‘Atmanirbharata’ in the defence sector is nationally imperative for strategic autonomy. Putting to rest speculation of all cynics/sceptics, India is currently facing a real two-front war scenario in multiple domains of PDIME (political, diplomatic, informational, military and economic domains), with focus on the continental domain where our IAF and Indian Navy will play equally decisive roles. Public and social media is awash with speculation of what all, how much, and at what cost is India importing defence related munitions, equipment and spares to meet all emergent contingencies. This further highlights the strategic necessity of India to be independent in critical defence related products.
Pivoted around the sub-optimal Ordnance Factory Board (OFB) factories, our defence industrial base is woefully inadequate to ensure ‘Atmanirbharata’, which is imperative for the sovereignty and integrity of India. We enjoy the dubious distinction of being the largest arms importers accounting for 13% of global sales according to SIPRI data. India increased its arms imports by 43% between 2007–-11 and 2012–16. About 60–65% of military hardware is of Russian/Soviet origin. If the import figures since 1950 to 2017 are analysed, India has imported $119.89 billion worth of arms; by far the largest globally and double than that of Saudi Arabia.
On 12 May 2020, PM Modi announced a special economic and comprehensive package of Rs 20 lakh crore to revive the Indian Economy from the fallout of the COVID-19 pandemic. He also called for an ‘Atmanirbhar Bharat Abhiyan’ to become self-reliant in future and outlined five pillars of ‘Atmanirbhar Bharat’ – Economy, Infrastructure, System, Vibrant Demography and Demand. As a part of the package, the Finance Minister announced certain key structural reforms in the Defence Sector on 16 May, in which ‘Corporatisation of OFB’ was a primary ingredient. In pursuance of the initiative, the MoD finalised KPMG Advisory Services-led consortium for providing strategic and implementation management consulting services to assist the MoD in the process of corporatization. Not surprisingly, the three federations of defence manufacturing sector workers of OFB, have issued the notice of a nationwide indefinite strike from 12 October against the proposed corporatization.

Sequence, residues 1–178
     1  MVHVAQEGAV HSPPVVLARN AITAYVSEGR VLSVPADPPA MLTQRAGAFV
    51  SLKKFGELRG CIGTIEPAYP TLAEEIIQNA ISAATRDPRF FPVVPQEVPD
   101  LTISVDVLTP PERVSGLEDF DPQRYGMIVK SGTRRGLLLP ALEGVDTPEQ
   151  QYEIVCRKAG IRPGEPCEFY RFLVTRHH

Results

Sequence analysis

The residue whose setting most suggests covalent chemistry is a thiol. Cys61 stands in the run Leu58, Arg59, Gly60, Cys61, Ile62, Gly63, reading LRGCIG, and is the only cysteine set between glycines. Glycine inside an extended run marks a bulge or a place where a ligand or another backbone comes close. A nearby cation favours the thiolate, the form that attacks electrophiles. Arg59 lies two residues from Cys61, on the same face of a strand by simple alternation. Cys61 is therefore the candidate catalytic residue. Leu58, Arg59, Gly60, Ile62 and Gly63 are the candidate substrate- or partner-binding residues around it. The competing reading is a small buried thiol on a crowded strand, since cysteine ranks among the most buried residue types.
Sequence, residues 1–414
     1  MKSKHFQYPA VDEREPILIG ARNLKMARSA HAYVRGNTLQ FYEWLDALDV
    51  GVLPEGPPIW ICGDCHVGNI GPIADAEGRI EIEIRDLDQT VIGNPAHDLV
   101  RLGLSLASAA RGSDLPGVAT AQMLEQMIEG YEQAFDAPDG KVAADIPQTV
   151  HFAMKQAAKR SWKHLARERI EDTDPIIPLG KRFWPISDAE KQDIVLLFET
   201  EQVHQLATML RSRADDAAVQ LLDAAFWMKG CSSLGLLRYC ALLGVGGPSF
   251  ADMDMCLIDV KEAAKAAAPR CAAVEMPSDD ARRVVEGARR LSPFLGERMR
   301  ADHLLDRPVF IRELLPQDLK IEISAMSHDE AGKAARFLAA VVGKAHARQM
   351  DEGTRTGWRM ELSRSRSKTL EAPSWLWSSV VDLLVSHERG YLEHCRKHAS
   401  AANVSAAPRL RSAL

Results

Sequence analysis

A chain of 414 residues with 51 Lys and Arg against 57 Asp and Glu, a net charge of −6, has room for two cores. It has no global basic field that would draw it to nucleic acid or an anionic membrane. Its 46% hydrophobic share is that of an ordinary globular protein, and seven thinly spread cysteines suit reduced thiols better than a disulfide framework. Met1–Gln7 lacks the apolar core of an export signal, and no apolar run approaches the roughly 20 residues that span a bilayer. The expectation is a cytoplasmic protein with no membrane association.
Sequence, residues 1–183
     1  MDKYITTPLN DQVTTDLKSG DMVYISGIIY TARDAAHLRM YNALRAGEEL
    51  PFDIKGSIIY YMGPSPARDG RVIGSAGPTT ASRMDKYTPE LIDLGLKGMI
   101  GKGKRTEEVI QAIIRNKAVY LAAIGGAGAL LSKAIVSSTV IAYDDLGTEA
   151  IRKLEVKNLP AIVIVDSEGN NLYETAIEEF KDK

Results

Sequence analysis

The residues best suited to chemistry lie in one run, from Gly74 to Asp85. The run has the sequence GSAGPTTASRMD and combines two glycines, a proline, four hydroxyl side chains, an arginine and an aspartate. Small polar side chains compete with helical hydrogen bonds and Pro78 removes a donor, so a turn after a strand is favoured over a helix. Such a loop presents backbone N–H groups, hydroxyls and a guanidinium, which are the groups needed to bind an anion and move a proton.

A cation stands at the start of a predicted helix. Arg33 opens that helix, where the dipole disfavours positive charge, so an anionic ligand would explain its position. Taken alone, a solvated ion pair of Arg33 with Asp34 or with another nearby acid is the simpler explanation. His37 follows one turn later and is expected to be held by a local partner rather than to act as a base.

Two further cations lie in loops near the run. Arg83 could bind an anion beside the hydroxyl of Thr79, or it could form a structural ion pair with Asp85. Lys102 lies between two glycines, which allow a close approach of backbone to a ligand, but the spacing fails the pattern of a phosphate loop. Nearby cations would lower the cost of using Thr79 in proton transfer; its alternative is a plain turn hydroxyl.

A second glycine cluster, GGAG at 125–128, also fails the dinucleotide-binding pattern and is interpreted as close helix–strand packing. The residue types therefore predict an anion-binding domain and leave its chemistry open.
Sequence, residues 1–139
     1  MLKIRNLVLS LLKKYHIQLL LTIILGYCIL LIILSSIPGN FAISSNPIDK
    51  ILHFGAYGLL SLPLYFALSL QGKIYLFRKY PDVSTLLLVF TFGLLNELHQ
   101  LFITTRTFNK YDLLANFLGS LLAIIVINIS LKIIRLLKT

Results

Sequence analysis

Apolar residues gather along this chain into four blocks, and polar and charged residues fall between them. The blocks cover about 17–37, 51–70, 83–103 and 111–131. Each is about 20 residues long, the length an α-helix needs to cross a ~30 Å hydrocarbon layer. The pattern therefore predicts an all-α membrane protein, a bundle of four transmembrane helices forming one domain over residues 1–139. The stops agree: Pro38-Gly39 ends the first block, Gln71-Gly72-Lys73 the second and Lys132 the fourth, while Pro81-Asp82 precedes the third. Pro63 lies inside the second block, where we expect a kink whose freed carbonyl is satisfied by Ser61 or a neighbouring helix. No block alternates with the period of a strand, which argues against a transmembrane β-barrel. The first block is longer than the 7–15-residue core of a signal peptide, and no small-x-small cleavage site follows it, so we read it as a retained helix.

India inherited all 18 Ordnance Factories established by the British. These have since grown to 41 Ordnance Factories, 13 Development Centres and 9 Institutes of Learning divided into five operating divisions based on category of products–
· Ammunition and Explosives – 11 factories
· Vehicles and Weapons – 11 factories
· Material and Components – 8 factories
· Armoured Vehicles – 6 factories
· Equipment Factories – 5 factories
Conceptually, they were expected to be national strategic assets with the potential of not only meeting national military hardware requirement, but also contribute to overall Comprehensive National Power (CNP), and earn valuable foreign exchange by exporting. The major buyers are the Armed Forces (Army being the top buyer), along with some supplies to CAPF and exports/civil trade.
The sub-optimal efficiency of this potential strategic asset is one of the major contributing factor that threatens the ammunition and armament holdings of the Indian Army. It is also a matter of concern that certain countries have refused to accept ordnance factory manufactured ammunition and equipment offered against Defence Lines of Credit due to concerns regarding quality of products, procedures in the factories and the inefficient post sales service support. Similar issues plague some of our DPSUs too which are involved in manufacture of military hardware.
Management and Organisation Structure
Ordnance Factory Board (OFB) Headquarters: Its location at Kolkata is a colonial legacy. The Chairman and his staff seek decisions from Ministry of Defence in New Delhi. Resultant costs and waste of time and public money are exorbitant, along with the need of running a parallel infrastructure at Delhi. It is pertinent to mention that the last seven DGs have had a tenure varying from four months to less than one year, providing no continuity, impacting higher leadership and obfuscating strategic direction to be pursued
OFB Organisation: The establishment functions as a three-tiered system with the Department of Defence Production (DDP-MoD) at the Apex. The OFB performs the executive functions and management of production units. The Ordnance Factory Board is managed by IOFS officers. The board is headed by a Director General and eight members. Five members of the board are responsible for functioning of each of the five manufacturing groups and three members are responsible for staff functions of personnel, finance and marketing. The OFB has around 81,000 personnel with about 1,400 officers.